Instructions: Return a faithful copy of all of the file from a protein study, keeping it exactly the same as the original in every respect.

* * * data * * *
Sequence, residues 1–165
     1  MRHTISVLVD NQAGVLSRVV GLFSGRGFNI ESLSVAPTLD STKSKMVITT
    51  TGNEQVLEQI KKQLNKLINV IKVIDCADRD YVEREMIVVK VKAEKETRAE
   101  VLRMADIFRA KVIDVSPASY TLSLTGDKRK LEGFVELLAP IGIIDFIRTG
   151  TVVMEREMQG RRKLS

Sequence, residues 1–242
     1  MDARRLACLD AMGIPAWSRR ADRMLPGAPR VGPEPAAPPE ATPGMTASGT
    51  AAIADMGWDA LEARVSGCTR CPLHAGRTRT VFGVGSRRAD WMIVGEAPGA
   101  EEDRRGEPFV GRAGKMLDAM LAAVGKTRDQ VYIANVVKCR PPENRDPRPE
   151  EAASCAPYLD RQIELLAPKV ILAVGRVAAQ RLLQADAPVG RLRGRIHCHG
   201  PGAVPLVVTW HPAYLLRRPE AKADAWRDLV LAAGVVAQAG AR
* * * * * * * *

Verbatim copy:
Sequence, residues 1–165
     1  MRHTISVLVD NQAGVLSRVV GLFSGRGFNI ESLSVAPTLD STKSKMVITT
    51  TGNEQVLEQI KKQLNKLINV IKVIDCADRD YVEREMIVVK VKAEKETRAE
   101  VLRMADIFRA KVIDVSPASY TLSLTGDKRK LEGFVELLAP IGIIDFIRTG
   151  TVVMEREMQG RRKLS

Sequence, residues 1–242
     1  MDARRLACLD AMGIPAWSRR ADRMLPGAPR VGPEPAAPPE ATPGMTASGT
    51  AAIADMGWDA LEARVSGCTR CPLHAGRTRT VFGVGSRRAD WMIVGEAPGA
   101  EEDRRGEPFV GRAGKMLDAM LAAVGKTRDQ VYIANVVKCR PPENRDPRPE
   151  EAASCAPYLD RQIELLAPKV ILAVGRVAAQ RLLQADAPVG RLRGRIHCHG
   201  PGAVPLVVTW HPAYLLRRPE AKADAWRDLV LAAGVVAQAG AR